Silence filled the empty home long after the intruders had gone. The window shutters flung open, the door caved in. The table and plates were shattered, the armchairs destroyed, blooming flowers of cotton from their ruptured fabric. From the door and past the living room, the floor was slick with fresh blood.
Every so often, this horrid vision would play out before Marvin.
Crying, someone he once loved was struck down and slammed. The children watched on in horror, frozen in place as their young eyes watch on. What else were children to do when their mother couldn't scream for them to run? Her mouth was held shut by a hand made from steel, her teary eyes trying to speak for her. Before their voice could be heard, the floor was already awash with blood. The terrified children stood paralyzed in place, not knowing what to do. Fate decided for them and sent a pair of blades to slit their throats. One and one, and then they stood no more.
Death is something that is always thought of as silent. Dead men tell no tales, dead men make no noise; they remain silent as the grave. There are even those who are said to pass peacefully. For Mycaelis and Vagus, death was never silent. They had both killed as they lived in a world where one must kill or be killed themselves. Never once could either sibling recall an occasion where death had been silent.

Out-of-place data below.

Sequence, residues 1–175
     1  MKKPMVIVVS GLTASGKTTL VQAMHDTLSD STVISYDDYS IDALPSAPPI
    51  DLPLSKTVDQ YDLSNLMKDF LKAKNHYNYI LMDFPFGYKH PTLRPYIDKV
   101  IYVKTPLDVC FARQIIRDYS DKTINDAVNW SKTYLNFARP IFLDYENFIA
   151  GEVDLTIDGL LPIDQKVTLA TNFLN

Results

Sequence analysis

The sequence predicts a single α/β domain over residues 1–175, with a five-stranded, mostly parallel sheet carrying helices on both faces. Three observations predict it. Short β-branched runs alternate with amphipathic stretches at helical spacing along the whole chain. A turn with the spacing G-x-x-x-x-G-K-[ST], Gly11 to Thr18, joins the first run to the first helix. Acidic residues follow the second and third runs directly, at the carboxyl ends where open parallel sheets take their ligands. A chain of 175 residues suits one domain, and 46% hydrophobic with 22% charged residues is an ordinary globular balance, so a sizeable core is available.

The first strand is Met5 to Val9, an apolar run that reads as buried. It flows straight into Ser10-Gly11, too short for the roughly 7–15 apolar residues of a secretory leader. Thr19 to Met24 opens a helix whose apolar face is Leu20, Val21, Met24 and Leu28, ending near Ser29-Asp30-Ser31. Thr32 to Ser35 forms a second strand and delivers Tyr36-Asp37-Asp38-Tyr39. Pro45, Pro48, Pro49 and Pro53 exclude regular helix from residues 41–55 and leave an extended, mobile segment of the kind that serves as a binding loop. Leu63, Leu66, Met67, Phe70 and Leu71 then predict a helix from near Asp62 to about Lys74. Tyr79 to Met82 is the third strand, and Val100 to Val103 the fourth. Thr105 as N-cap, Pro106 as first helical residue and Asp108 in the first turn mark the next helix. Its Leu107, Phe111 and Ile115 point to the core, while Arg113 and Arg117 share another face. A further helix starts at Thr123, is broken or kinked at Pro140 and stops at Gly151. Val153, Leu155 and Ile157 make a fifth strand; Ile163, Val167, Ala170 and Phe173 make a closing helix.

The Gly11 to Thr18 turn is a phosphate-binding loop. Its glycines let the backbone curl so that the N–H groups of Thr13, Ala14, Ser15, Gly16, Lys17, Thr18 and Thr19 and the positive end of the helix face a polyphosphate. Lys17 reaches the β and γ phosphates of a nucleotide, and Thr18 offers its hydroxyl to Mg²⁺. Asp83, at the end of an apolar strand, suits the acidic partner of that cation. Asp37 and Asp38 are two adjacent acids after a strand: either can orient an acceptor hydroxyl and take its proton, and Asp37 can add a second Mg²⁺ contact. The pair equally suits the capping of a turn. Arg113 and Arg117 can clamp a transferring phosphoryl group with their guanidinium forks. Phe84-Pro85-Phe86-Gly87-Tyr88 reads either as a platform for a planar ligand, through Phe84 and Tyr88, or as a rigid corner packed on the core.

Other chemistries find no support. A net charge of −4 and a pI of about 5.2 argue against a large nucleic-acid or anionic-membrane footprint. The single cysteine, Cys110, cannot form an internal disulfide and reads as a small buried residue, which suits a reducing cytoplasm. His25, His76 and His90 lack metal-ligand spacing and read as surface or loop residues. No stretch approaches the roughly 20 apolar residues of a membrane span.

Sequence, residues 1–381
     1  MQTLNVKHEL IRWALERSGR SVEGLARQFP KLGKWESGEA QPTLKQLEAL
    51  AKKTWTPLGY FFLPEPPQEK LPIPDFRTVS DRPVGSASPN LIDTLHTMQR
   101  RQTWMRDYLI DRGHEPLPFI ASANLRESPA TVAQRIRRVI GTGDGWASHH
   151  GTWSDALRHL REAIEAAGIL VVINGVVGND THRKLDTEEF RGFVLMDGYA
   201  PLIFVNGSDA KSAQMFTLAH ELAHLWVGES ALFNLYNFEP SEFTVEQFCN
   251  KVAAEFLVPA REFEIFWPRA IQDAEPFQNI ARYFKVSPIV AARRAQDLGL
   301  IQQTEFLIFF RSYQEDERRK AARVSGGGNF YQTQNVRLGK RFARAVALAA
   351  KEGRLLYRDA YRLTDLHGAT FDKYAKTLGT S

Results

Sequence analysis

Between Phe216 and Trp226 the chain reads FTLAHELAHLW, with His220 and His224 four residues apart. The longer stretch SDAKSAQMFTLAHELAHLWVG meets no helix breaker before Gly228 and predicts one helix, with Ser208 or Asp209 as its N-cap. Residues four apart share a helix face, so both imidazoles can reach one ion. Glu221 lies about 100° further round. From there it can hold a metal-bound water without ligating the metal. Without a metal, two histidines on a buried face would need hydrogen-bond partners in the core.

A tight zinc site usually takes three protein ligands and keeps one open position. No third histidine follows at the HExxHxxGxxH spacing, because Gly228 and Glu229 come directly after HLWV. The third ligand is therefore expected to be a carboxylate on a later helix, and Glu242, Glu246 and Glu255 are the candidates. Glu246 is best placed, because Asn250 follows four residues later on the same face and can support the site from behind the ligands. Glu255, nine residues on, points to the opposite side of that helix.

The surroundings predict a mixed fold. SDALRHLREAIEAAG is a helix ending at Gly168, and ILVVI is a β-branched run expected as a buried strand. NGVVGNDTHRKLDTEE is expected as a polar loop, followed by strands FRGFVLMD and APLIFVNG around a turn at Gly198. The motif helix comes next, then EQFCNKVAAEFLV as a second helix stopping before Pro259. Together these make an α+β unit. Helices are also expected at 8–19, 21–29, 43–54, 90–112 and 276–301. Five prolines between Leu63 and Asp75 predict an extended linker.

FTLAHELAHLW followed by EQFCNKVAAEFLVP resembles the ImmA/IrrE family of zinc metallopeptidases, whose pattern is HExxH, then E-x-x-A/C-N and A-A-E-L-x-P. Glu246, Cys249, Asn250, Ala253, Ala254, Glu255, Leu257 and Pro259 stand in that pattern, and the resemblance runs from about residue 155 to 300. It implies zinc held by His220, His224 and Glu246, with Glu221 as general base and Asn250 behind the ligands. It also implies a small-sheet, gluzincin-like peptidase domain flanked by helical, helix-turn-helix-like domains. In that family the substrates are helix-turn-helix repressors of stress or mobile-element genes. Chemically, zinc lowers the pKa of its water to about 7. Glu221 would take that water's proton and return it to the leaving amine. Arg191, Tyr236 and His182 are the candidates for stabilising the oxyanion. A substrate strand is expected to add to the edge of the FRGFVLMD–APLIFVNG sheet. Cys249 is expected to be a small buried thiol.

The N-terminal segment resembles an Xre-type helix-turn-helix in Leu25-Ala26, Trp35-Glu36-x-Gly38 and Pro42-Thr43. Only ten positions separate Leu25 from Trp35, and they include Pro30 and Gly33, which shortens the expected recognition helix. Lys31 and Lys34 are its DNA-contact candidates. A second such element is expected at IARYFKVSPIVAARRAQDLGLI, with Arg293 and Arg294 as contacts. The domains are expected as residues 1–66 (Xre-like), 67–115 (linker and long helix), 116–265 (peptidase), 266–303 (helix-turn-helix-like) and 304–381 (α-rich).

Death is the screams of agony as flesh is torn from broken bones, the howls of pain when entrails are split upon the ground. The cries for mercy, the shrieks of horror, the gurgling sound of someone drowning in their blood. Then come the sounds of those that behold death’s work. The screams of terror, the gasps of disbelief, the wailing of loved ones as they grieve for their loss.
As Mycaelis and Vagus sat silent in that hovel in the jungle, they could hear Death outside, and it was far from silent. The screams of those attacking monsters assailed their ears to no end. Mo
Vagus was lost. Laconian? Commoner? Abnormal? He drifted in a part of the world where the eye could not see, wandering paths unmapped towards destinations that turned to ash the moment he touched them. Where new horizons dawned only to fall into an endless night where he stood alone. This was his world now. A world of grey where he found no light or darkness, where he could find only one word that could define the person he was: A disappointment. Not Laconian. Not a commoner. Not an Abnormal. A disappointment.